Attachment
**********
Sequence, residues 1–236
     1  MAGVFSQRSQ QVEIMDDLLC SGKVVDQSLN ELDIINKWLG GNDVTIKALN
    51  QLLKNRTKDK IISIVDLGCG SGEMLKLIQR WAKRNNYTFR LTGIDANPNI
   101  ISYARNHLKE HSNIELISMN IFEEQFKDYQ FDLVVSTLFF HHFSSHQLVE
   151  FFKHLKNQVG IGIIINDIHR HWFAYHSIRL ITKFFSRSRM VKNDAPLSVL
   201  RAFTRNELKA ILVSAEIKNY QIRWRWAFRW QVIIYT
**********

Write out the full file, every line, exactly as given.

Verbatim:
Sequence, residues 1–236
     1  MAGVFSQRSQ QVEIMDDLLC SGKVVDQSLN ELDIINKWLG GNDVTIKALN
    51  QLLKNRTKDK IISIVDLGCG SGEMLKLIQR WAKRNNYTFR LTGIDANPNI
   101  ISYARNHLKE HSNIELISMN IFEEQFKDYQ FDLVVSTLFF HHFSSHQLVE
   151  FFKHLKNQVG IGIIINDIHR HWFAYHSIRL ITKFFSRSRM VKNDAPLSVL
   201  RAFTRNELKA ILVSAEIKNY QIRWRWAFRW QVIIYT